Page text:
Tips to Help you Deal with Bad Habits

None of us are perfect and with our imperfections come bad habits. Whether it's pilling up clothes on top of a chair, leaving our shoes in the middle of the house instead of putting them where they belong, or leaving our wet towel after a shower on the bed. Other's struggle with different bad habits relating to food and exercise. Whatever the case may be, there is a light at the end of the tunnel and you don't have to become a prisoner of those bad habits that haunt you.

Letting go of those bad habits is hard mainly because we usually don't respond well to change or are not open to it. The first step of recognizing you need to leave those habits behind is accepting that it's affecting your life. Then, picture what your life would be like without them. 

Our habits are driven by a series of 3 sequential steps know as:

  • Trigger (what starts the habit)
  • Routine (performing the habit or behavior itself)
  • Reward (the benefit that comes with the behavior)

Each time this pattern is repeated it eventually becomes an automatic action which then turns into a habit. The reason why it can be so hard to break a bad habit is because your brain begins to crave since it has become accustomed to the action or the habit. 

Here are some strategies you can apply in order to help you break your bad habits:

1. Control your Stress

Bad habits like binge eating, smoking, or over indulging on chocolate are all associated with your brain's Dopamine or reward system. Dopamine is a "feel-good" chemical in the brain that transmits signals between neurons in your brain. When you first engage in a new "rewarding" behavior like eating chocolate, you get a euphoric feeling of satisfaction which is created by Dopamine. This transmits changes between neurons and the brain system responsible for action which is how we start to form bad habits.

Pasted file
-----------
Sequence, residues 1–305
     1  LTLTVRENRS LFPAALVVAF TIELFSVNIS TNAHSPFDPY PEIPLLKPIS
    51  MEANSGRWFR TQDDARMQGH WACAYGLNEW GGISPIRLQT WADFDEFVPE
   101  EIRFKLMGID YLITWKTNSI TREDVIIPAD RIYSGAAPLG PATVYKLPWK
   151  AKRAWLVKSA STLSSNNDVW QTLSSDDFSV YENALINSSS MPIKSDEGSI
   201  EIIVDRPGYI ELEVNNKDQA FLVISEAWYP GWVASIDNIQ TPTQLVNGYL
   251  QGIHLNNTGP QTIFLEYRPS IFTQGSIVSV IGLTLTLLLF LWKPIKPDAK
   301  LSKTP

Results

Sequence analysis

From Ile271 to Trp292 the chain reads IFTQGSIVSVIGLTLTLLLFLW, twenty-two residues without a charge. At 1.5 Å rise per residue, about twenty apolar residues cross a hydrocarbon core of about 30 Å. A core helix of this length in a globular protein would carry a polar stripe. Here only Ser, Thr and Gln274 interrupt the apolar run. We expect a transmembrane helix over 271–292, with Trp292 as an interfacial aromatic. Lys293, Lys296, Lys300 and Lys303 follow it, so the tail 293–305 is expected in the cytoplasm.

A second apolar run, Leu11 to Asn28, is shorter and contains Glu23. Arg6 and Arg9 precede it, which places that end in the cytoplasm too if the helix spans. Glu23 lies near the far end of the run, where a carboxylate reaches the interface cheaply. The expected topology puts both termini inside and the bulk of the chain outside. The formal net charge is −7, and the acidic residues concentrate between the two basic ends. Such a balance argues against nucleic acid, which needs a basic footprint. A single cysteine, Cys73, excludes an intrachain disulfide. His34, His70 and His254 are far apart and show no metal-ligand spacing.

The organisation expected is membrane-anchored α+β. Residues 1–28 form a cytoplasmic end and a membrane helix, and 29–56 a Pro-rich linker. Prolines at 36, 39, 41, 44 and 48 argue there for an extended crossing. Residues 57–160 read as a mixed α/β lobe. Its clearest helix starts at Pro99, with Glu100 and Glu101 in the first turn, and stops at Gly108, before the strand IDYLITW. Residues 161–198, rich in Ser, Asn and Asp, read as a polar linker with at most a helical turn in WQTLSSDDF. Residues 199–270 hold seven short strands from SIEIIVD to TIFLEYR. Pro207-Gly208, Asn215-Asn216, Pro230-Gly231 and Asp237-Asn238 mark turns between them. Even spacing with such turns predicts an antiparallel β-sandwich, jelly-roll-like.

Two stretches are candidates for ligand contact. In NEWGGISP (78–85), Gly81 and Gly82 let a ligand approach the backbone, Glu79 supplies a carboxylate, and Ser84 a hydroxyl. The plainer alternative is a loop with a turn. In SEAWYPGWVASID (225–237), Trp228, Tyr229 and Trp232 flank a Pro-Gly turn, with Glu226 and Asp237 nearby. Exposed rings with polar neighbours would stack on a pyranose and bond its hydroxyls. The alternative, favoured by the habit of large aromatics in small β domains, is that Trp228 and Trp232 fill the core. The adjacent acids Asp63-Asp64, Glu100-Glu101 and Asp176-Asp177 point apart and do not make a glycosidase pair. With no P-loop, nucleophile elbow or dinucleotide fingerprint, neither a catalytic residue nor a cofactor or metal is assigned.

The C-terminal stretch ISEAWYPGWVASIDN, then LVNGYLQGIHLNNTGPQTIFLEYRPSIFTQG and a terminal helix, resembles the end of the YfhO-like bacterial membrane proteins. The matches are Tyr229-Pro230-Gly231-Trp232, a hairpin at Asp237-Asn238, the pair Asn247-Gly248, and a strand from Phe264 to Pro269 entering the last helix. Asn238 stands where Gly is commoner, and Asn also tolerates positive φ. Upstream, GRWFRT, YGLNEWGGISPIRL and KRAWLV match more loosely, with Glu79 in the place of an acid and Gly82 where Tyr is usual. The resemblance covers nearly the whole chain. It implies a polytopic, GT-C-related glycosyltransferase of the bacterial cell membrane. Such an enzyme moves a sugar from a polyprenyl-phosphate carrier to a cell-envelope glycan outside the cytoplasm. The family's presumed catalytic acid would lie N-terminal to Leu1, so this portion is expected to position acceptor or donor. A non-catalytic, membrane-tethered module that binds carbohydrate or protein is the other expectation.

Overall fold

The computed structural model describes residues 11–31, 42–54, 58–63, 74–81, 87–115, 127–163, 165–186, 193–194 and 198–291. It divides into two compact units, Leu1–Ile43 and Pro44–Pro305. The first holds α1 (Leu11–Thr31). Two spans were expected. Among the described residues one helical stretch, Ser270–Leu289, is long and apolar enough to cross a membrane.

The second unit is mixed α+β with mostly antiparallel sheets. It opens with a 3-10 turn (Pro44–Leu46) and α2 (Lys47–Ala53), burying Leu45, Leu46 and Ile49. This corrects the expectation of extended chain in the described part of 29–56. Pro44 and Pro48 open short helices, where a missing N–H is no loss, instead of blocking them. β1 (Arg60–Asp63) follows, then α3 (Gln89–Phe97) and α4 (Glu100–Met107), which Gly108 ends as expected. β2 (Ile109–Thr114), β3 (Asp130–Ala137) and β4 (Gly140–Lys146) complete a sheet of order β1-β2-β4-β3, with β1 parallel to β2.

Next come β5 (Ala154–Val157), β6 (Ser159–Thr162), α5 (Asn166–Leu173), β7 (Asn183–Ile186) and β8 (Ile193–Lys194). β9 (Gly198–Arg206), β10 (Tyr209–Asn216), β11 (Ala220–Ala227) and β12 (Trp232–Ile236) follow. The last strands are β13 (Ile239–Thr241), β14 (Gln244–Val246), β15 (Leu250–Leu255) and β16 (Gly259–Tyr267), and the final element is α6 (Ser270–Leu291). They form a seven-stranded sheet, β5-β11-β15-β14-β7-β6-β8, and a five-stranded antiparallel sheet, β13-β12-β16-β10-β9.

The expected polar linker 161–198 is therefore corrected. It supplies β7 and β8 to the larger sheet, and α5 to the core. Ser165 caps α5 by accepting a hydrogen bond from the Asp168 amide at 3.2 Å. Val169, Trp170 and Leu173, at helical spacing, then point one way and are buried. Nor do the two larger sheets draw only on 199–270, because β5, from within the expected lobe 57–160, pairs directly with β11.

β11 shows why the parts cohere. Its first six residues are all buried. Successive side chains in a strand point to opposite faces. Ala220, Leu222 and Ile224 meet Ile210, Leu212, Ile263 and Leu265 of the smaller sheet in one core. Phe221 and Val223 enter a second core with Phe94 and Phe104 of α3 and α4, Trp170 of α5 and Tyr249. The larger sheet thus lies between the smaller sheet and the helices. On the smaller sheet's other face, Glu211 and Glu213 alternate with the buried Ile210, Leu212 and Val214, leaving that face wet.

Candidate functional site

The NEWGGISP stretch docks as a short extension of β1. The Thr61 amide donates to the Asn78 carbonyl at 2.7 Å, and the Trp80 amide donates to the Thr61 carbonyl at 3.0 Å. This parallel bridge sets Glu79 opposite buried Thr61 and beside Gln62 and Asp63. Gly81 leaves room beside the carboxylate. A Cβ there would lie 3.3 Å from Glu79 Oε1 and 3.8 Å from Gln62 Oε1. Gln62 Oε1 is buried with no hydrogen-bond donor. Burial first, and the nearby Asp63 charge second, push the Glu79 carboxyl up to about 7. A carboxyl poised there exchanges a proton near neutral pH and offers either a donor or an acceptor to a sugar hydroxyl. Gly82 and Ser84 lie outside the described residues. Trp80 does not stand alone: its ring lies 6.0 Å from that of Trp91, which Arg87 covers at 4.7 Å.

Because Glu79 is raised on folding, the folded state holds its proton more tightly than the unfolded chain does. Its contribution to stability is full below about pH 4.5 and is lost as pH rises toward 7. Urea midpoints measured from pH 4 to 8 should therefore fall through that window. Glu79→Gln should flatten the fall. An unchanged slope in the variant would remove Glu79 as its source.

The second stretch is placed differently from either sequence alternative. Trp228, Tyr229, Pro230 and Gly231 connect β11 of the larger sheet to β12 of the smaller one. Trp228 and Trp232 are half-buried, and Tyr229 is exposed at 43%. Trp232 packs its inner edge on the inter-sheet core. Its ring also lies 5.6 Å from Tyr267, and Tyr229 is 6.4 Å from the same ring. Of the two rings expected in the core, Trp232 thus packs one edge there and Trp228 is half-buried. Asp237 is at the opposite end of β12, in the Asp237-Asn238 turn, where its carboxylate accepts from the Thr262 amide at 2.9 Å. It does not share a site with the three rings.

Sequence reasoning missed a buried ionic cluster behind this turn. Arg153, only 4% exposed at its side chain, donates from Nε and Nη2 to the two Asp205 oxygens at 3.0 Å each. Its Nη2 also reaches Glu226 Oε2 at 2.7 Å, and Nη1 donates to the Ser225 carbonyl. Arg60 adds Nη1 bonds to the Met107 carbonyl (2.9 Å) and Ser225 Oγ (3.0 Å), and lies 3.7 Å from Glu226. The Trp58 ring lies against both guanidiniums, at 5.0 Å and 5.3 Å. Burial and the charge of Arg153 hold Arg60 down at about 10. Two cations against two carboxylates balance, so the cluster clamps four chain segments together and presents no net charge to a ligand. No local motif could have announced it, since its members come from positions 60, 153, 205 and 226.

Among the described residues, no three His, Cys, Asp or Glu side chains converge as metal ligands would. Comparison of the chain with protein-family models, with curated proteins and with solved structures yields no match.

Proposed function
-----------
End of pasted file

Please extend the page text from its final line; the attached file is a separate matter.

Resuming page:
When you are stressed you tend to search for that immediate relief which is usually only temporary. Seek ways to relieve your stress by exercising, meditating, talking about it, writing, or going for a walk. A good amount of sleep is also essential for stress relief. 

2. Get Rid of Triggers

Triggers are huge instigators of bad habits. As aforementioned, bad habits are formed through a series of 3 steps. Knowing your triggers or at least making an effort to reduce them is a good way to gradually let go of a bad habit. If you're trying to quit smoking, then get rid of any ash trays you have at home and try to distance yourself from those who smoke in order to avoid temptation. If you're trying to eat less at night, get rid of all the unhealthy snacks and try to replace your craving with a healthy choice. Sometimes a trigger can also be associated with the environment itself. If you feel the people that surround you or the place where you are is affecting you negatively, then maybe it's time to reevaluate.

3. Have a Strong Reason for Quitting

In order to effectively get rid of a bad habit in the long-term, have a strong reason why you should quit in the first place. For example, if you're struggling with your weight, your initial reason to lose the pounds may be because you want to feel better about yourself. But try taking it a step further by putting other things into perspective, like how eating healthier may allow you to do those outdoor activities you used to enjoy with your loved ones. Taking your reasons a step further may provide more motivation to get it done.